Few draft analysts give Arkansas guard Mason Jones any love when it comes to the 2020 NBA Draft. Although he’s moved up in the last few weeks from the absolute bottom of NBADraftRoom’s 2nd Round mock to No. 43, he’s still widely overlooked by the big boys at ESPN, DraftExpress, Sports Illustrated and The Athletic.
Take Sam Vencenie, the go-to man for all things basketball for The Athletic. Vencenie has Jones projected as the No. 76 player in this year’s draft, which is problematic when only 60 players will be selected.
Sure, Jones was a devastating scorer during his two years at Arkansas, becoming the first Razorback to lead the SEC in scoring. But that distracts from a bigger issue, said Vencenie, who’s also written for CBS Sports, Sporting News and SB Nation.
“I thought [Mason Jones] was abysmal defensively this year. I don’t think there’s a defense for his defense, the way he played it,” Vencenie said Monday on “Hit That Line.”
“He was inattentive. So many times it looked like he was just kind of walking around on the defensive side of the court. I didn’t think he was a particularly good on-ball defender.”
Sam doesn’t stop there.
Vencenie just keeps “attacking the rim,” as it were, when it comes to Mason Jones criticisms: “He’s not an elite level lateral mover. He’s definitely a thicker guy, who gets into the paint, bullies other guys and draws fouls that way to get a lot of production.”
These are also the biggest reasons why Vencenie believes Jones should not have won co-SEC Player of the Year honors this past season. “At the end of the day, production speaks for itself. And I’m comfortable saying he should be all-SEC. But I think there were some better guys in the SEC this year I would have been happy to give the award to.”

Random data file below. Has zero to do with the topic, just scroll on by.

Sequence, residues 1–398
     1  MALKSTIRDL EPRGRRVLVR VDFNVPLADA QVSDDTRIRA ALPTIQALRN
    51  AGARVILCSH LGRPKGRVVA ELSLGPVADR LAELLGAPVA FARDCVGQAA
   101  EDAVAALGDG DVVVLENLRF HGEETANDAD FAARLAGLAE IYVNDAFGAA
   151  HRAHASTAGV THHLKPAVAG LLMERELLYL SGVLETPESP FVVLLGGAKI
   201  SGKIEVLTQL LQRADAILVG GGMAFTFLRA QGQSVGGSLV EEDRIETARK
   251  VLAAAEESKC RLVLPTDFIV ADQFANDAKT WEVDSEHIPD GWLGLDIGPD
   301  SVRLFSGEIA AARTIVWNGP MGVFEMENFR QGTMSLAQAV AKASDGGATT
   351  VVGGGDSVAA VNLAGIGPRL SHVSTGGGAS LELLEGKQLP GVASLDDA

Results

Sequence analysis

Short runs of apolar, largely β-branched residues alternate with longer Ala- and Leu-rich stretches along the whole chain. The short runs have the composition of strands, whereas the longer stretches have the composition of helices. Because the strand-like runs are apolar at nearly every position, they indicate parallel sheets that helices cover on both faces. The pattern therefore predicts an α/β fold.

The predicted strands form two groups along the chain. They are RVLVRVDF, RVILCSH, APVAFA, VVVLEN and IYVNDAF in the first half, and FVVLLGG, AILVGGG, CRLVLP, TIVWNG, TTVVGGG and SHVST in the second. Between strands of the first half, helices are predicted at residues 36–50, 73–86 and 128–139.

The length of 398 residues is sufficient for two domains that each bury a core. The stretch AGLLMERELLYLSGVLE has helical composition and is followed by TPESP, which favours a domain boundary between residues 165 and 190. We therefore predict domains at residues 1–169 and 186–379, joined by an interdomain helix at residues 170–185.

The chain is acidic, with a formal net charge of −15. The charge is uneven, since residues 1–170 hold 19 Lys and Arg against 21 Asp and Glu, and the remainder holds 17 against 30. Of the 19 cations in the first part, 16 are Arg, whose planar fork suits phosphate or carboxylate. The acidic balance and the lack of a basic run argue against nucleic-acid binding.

Jones, for his part, knows that few people are giving him a chance of getting drafted. But he relishes that challenge, just like he relished the challenge of losing more than 70 pounds on his way to become a dominant collegiate force.
“They’re downgrading me because of athleticism,” he told Hoops Hype. “But I just feel like I’m still a Top 15 player in the draft. I still feel like I was one of the Top-5 best players in college basketball.”
Jones doesn’t see himself as a weak defender. Rather, he views himself as a work in progress. “I think becoming an elite defender. I want to be an elite defender while also being an elite scorer. I see myself like Jimmy Butler. We both have the same traits. We are competitive.”
So far, Jones has studied the likes of Manu Ginobili, James Harden and Luka Doncic on his way to becoming the co-SEC Player of the Year.
Can he continue to draw from those superstars and improve in the pros as much as he did from his sophomore to junior years at Arkansas?
Jones thinks he will.
“I want to be an All-Star. I have a lot to prove and I feel like the way I work hard and the way I carry myself and the way I care about the game, I definitely feel like I can achieve being an All-Star or being an MVP in the league.”
What about Isaiah Joe and the NBA Draft?
Get the latest on what insiders are saying about him and his prospects here:
The Analyst Who Calls Jones a “First Round” Talent
There’s at least one college basketball and draft analyst who’s very high on Jones’ prospects for the 2020 draft, whenever it may actually happen.